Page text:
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Late July is arrowhead time at the lake’s shoreline

We frequently have some of the hottest days of the whole summer in late July. It is the time of midsummer. Blueberries, raspberries, juneberries, pin cherries and still some strawberries are ripe now. These juicy morsels are also quite colorful a...

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Arrowheads stems and leaves rise out of the water. Note the leaf shape. Photos by Larry Weber
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We frequently have some of the hottest days of the whole summer in late July. It is the time of midsummer. Blueberries, raspberries, juneberries, pin cherries and still some strawberries are ripe now. These juicy morsels are also quite colorful and the reds, purples and blues catch the eye of many hungry songbirds now feeding and traveling with their newly raised family. Small mammals such as squirrels, chipmunks and mice find these berries as well as do the bears. All devour their new crops and thereby help the plants by spreading seeds.

Insects abound during these days and we easily note dragonflies, butterflies, moths, crickets, grasshoppers, katydids and more as they feed and breed. Slowly the days are getting shorter and despite the warmth and plentiful food, some of the early migrants - namely, tree swallows - are starting to move. It is not unusual to see flocks of these small birds on utility wires along roads at this time.

Midsummer is an excellent time to observe the wild flowers of the open areas again. For the last several weeks, starting in June, we have been seeing colors in the fields of hawkweeds, daisy, clovers, sweet clovers, buttercups, vetches, trefoil, yarrow and lupine. As we entered July, these early summer blooms became black-eyed susans, dogbane, thistles, cow parsnip and the prevalent fireweed and milkweed. These plants dominate the roadsides for much of the month. Now late in July, they share the scene with the beginning of late summer wild flowers - early goldenrods, asters and sunflowers. As we go through late summer in coming weeks, we’ll see plenty more from these abundant and diverse plants. And while many of the flowers at these sites are non-native, these three are native.

But the floral scene goes beyond the roadsides and fields. In the bogs, a couple of insectivorous plants - the tall pitcher plant and the tiny sundew - are also in bloom. Both are well known and use leaves to catch insects, but also have florets. In the woods, the pale Indian pipe rises from the forest floor, among the mushrooms and ferns, to show its flowers of white. With no chlorophyll or other pigments, the entire plant looks white. They are also able to thrive in these shady sites. But I find some very interesting plants blooming at the lake’s edge at this time too.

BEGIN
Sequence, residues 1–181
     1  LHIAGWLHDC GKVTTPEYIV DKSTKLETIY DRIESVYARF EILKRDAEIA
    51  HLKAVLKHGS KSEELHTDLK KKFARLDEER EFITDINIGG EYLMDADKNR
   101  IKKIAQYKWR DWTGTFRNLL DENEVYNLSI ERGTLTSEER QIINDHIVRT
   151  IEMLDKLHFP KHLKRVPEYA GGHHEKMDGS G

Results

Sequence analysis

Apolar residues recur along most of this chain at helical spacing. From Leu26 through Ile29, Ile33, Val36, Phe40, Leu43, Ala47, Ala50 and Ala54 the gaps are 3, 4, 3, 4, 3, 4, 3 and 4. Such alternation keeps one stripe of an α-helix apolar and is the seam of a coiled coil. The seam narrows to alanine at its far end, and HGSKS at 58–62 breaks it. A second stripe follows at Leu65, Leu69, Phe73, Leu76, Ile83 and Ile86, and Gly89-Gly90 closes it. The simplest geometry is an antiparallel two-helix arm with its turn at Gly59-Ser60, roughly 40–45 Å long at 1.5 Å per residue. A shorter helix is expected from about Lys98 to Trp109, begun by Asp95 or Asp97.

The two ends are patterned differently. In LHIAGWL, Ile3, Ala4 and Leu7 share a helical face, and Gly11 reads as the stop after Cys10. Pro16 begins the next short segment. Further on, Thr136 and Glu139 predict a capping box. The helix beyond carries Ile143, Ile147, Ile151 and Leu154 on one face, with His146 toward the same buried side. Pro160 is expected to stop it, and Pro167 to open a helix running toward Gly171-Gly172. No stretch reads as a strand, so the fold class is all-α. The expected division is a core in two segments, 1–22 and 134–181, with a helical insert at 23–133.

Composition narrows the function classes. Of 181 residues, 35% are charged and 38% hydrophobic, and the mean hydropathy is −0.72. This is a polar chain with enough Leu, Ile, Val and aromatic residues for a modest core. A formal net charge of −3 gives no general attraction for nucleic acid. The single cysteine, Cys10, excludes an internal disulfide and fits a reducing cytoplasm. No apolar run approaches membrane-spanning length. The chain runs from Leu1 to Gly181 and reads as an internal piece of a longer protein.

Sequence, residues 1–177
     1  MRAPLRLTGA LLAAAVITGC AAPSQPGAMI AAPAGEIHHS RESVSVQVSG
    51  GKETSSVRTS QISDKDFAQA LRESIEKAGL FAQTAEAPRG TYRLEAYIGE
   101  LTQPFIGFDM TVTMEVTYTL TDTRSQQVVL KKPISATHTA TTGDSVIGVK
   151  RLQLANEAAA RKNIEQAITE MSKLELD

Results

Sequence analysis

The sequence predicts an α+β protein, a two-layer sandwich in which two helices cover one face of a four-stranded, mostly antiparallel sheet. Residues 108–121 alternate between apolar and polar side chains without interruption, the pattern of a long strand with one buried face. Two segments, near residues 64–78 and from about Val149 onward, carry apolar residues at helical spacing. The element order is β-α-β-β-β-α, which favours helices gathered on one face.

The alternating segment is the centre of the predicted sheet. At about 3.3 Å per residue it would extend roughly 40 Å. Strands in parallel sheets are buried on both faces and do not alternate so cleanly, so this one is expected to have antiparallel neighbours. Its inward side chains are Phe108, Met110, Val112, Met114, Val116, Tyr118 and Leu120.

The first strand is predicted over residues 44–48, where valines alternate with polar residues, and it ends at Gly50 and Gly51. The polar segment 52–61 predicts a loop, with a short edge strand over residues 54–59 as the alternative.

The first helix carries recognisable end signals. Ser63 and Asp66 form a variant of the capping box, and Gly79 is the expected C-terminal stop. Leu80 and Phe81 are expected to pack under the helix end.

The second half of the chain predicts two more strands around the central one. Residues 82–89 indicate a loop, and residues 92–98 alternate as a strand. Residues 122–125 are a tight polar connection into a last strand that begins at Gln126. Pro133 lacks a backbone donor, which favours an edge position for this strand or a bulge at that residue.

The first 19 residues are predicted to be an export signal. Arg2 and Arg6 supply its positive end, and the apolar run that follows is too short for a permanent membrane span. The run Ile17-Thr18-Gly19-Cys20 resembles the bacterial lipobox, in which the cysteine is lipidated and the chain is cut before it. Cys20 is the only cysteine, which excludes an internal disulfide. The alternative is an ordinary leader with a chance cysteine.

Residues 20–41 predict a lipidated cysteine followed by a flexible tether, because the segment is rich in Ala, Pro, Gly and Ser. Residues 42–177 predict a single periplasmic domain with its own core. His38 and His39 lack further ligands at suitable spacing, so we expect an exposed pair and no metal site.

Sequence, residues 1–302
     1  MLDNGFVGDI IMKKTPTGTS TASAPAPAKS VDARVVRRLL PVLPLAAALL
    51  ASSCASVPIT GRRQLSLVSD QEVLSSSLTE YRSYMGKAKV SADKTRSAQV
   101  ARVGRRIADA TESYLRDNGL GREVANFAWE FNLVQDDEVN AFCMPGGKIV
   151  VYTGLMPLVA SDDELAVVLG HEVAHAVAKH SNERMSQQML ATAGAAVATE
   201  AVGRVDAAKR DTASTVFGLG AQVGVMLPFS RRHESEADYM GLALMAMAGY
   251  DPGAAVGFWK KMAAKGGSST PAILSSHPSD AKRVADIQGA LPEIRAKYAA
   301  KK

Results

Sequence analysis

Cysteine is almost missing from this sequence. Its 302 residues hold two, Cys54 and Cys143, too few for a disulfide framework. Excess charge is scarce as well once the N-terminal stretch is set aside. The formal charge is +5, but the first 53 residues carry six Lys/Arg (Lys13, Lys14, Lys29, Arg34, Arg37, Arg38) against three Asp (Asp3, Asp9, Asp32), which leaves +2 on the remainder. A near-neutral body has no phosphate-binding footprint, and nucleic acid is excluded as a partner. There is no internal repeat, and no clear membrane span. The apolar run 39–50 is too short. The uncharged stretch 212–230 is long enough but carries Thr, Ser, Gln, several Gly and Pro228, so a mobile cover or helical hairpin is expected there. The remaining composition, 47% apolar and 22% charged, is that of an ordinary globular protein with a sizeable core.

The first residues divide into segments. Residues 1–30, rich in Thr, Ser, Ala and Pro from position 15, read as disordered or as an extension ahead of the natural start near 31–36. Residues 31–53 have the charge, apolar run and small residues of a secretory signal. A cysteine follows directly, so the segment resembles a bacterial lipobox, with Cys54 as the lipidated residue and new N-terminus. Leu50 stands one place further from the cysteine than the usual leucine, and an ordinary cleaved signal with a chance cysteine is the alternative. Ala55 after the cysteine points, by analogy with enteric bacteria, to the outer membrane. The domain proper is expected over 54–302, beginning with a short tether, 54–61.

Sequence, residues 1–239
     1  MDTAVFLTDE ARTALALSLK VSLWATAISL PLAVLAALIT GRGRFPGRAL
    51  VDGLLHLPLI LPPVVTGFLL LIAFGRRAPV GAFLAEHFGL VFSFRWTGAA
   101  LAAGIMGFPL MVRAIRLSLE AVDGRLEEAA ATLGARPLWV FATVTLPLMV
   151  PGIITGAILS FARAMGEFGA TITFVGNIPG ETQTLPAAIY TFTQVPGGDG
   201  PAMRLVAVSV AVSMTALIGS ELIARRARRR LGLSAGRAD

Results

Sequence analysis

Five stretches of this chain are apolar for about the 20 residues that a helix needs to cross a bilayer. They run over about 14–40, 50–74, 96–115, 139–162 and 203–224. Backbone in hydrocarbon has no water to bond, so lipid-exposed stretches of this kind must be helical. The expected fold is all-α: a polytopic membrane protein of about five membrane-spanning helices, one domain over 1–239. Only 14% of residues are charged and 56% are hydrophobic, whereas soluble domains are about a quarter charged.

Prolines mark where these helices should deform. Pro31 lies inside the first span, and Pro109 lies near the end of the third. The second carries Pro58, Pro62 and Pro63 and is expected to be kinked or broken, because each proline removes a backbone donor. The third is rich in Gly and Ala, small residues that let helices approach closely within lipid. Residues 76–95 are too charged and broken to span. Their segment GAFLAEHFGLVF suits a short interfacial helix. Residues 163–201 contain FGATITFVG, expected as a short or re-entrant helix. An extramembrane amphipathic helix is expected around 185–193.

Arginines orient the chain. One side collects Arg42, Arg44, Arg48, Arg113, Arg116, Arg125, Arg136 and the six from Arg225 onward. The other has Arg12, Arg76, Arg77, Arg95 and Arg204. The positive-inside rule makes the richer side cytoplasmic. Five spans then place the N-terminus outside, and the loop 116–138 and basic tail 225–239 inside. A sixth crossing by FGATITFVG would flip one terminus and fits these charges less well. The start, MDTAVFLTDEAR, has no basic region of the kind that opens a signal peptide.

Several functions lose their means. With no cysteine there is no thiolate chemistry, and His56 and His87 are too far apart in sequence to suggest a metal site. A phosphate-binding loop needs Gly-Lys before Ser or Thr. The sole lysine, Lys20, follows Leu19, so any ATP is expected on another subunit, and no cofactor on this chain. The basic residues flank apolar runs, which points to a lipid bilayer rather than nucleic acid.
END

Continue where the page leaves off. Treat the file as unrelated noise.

Paddling in the shallows may be the best way to observe these midsummer flowers. Yellow pond-lilies that began blooming in May and white water-lilies that started in early June are still here, but they are not the only floating plants. Pondweed, water smartweed, water shield, water marigold and bladderwort (another insect-eating plant) all add more color to the wet scene. These aquatic plants all have floating leaves and are truly in the lake community. But there is plenty more to see along the shore.

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One of the tallest and most obvious of the shoreline flowers now is the Joe Pye weed. Purple flowers and leaves borne in whorls around the plant, it may stand four feet or more tall. White-flowering water parsnip and water hemlock rise up too. Both have flowers looking something like that of Queen Anne’s lace. Shorter are the yellows of loosestrife and the blues of skullcap. Here also is the orange flowering jewelweed. Flowers and dew-covered leaves get our attention, but it is the seed pods that explode on touch that leads to the other name: touch-me-not. And rising up from the shallow water are the arrowheads. This is arrowhead time.

Arrowheads get their name from the shape of the leaves that are usually shaped like a rather strange-looking arrowhead. They vary greatly in the region and many times, they hold leaves that are much more linear and not appearing to be an arrow head. Other times, the leaves may be arrow-head shaped, but range from narrow to extremely wide. Plants also vary in size. Some being only inches above the water while others reach up to three feet tall. All have the characteristic three-petal white flowers. The flowers are below the leaves on the plant and may be two inches in diameter. Male flowers grow above the female flowers. Among some wild food fanciers, arrowheads are well known because of the roots. These submerged parts are tubers; somewhat like potatoes in looks and taste.

As the summer moves on, we will continue to see plenty of wildflowers that linger into fall. Others, like these arrowheads, are not long lasting, but give us plenty to see when they bloom along the edges of lakes and ponds at this time.

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Note the three white petals on these arrowheads that bloom above the water.

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